(Reblog) Transfer Pricing in Canada: Reporting of Non-Arm’s Length Transactions with Non-ResidentsPar Robert Robillard - 20 novembre 2014
RBRT Transfer Pricing’s Technical Note
(originally released on March 31, 2014)
Since 1997, Canada’s transfer pricing rules have been included in section 247 of the Canadian Income Tax Act (ITA). They are complemented by sections 233.1 ITA, 233.3 ITA and 233.4 ITA, as applicable.
Paragraph 233.1(4) ITA prescribes the filing of an information return containing the prescribed information (Form T106) for non-arm’s length transactions with non-residents when the total amount of these controlled transactions exceed $1,000,000.
However, the De minimis Administrative Policy of the Canada Revenue Agency (CRA) explains:
“Before the 1998 amendments to section 233.1 of the Income Tax Act, the Canada Revenue Agency (CRA) required taxpayers to report detailed information on a T106 return only when their transactions with particular non-residents amounted to $25,000 or more. The 1998 amendments [paragraph 233.1(4) ITA] introduced a de minimis rule that eliminated reporting unless the total amount of non-arm’s length transactions with all non-residents exceeded $1,000,000 in a reporting period. Since this overall de minimis threshold exempted a significant number of smaller taxpayers from the reporting requirement, the CRA removed the $25,000 individual threshold.
Even though the $1,000,000 threshold eliminates reporting for many taxpayers, it creates an administrative burden for others. Once taxpayers exceed the threshold, they must report all their non-arm’s length transactions with non-residents. As a result, some taxpayers must prepare detailed information returns even when their total transactions with particular non-residents fall well below the previous $25,000 threshold.
To reduce this administrative burden, the $25,000 threshold for non-arm’s length transactions with each non-resident person is once again applicable. Taxpayers must still file Form T106 to report other information, but they do not need to report detailed information where their total transactions with a particular non-resident are below the $25,000 threshold. In other words, taxpayers are no longer required to report these transactions in Part III of the form.”
T106 reporting rules
The instructions in form T106 Information Return of Non-Arm’s Length Transactions with Non-Residents include detail on how to report these transactions. In accordance with section 233.1 ITA:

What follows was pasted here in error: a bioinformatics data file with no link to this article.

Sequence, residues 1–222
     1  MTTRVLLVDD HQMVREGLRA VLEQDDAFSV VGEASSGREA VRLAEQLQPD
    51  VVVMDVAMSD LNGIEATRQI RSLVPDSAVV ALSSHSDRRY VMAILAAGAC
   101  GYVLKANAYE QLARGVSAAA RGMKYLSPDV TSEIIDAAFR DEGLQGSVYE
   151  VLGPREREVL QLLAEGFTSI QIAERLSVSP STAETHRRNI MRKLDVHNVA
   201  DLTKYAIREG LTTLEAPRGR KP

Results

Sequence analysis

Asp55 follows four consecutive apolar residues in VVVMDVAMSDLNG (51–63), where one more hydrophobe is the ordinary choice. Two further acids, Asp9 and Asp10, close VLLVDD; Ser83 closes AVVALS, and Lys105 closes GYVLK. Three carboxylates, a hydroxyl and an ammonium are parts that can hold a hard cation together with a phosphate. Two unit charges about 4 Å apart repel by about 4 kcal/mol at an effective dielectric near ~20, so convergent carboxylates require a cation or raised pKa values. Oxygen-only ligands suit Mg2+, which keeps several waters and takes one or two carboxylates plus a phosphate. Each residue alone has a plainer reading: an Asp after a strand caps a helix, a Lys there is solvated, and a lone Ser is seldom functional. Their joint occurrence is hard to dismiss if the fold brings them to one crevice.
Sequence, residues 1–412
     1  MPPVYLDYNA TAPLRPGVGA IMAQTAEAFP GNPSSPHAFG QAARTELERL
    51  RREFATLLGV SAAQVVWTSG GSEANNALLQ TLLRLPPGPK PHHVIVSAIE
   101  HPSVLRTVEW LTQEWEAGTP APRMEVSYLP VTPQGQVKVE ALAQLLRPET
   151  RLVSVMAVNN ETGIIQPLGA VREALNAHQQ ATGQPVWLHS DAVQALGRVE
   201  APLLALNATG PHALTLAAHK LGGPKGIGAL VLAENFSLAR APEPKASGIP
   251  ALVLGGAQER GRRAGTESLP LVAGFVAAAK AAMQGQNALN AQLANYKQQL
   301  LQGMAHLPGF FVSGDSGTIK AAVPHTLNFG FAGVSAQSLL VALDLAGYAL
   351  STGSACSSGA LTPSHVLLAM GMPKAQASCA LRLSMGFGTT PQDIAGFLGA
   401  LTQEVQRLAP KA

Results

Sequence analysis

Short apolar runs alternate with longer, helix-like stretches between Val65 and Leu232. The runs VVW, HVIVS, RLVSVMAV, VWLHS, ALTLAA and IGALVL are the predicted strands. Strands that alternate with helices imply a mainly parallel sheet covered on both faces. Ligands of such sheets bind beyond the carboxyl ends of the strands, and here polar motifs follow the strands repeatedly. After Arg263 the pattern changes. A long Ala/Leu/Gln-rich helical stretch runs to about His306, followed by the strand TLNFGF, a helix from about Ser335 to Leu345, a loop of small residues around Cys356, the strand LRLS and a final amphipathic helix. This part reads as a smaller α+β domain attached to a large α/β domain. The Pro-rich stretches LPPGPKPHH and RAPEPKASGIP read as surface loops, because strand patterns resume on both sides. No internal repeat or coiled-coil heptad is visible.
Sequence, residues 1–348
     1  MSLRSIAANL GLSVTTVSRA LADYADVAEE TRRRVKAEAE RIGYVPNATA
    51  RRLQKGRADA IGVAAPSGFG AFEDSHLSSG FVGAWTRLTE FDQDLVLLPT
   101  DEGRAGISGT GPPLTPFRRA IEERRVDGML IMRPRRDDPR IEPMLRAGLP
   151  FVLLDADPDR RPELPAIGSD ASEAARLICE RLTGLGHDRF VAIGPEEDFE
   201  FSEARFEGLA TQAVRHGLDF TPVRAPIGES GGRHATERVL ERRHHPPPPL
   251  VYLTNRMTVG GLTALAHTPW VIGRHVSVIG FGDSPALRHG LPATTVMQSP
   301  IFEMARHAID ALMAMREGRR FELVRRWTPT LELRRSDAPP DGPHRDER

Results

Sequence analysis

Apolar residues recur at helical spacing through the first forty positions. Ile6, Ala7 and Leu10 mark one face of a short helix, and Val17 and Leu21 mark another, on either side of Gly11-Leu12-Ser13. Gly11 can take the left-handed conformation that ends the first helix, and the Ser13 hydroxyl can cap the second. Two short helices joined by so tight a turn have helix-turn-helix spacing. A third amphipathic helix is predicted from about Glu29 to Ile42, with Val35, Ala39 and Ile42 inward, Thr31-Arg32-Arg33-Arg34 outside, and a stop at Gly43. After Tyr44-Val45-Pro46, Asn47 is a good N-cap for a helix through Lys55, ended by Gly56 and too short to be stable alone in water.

“A reporting person (or partnership) has to file T106 documentation for a tax year in respect of reportable transactions in which the reporting person and the non-arm’s length non-resident person (or partnership of which that non-resident person is a member) participated in the period.”
A T106 form must be filed for each non-resident with which the reporting person (or partnership) has had non-arm’s length transactions. One T106 Summary must also be filed to provide an overview of the nature and materiality of the reported non-arm’s length transactions.
In the case of a corporation, the T106 documentation must be filed six months after the end of the taxation year at the latest. For partnerships, the due date is the same as the due date for filing a partnership information return.
The instructions in form T106 Information Return of Non-Arm’s Length Transactions with Non-Residents also indicate that “T106 documentation has to be mailed to the Ottawa Technology Centre, Validation and Verification Division, Other Programs Unit, 875 Heron Road, Ottawa ON K1A 1A2. T106 documentation has to be filed separately from the income tax return. Do not attach T106 documentation to your income tax return.”
T106 reporting penalties
The Canadian Income Tax Act prescribes numerous penalties for failure to comply with the reporting obligations of non-arm’s length transactions with non-residents as highlighted in the T106 form’s instructions: